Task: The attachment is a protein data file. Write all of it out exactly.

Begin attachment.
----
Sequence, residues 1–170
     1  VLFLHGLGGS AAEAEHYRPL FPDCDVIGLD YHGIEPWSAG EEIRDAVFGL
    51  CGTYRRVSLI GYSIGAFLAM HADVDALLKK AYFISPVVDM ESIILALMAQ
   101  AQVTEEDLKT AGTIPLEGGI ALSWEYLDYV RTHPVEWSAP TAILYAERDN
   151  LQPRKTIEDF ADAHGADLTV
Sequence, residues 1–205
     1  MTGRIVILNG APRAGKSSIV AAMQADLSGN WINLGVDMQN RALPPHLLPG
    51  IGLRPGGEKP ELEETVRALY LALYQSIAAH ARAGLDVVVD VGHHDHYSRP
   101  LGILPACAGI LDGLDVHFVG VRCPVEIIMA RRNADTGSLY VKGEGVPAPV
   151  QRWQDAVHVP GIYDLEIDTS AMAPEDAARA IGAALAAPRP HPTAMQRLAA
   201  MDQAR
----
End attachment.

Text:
Sequence, residues 1–170
     1  VLFLHGLGGS AAEAEHYRPL FPDCDVIGLD YHGIEPWSAG EEIRDAVFGL
    51  CGTYRRVSLI GYSIGAFLAM HADVDALLKK AYFISPVVDM ESIILALMAQ
   101  AQVTEEDLKT AGTIPLEGGI ALSWEYLDYV RTHPVEWSAP TAILYAERDN
   151  LQPRKTIEDF ADAHGADLTV
Sequence, residues 1–205
     1  MTGRIVILNG APRAGKSSIV AAMQADLSGN WINLGVDMQN RALPPHLLPG
    51  IGLRPGGEKP ELEETVRALY LALYQSIAAH ARAGLDVVVD VGHHDHYSRP
   101  LGILPACAGI LDGLDVHFVG VRCPVEIIMA RRNADTGSLY VKGEGVPAPV
   151  QRWQDAVHVP GIYDLEIDTS AMAPEDAARA IGAALAAPRP HPTAMQRLAA
   201  MDQAR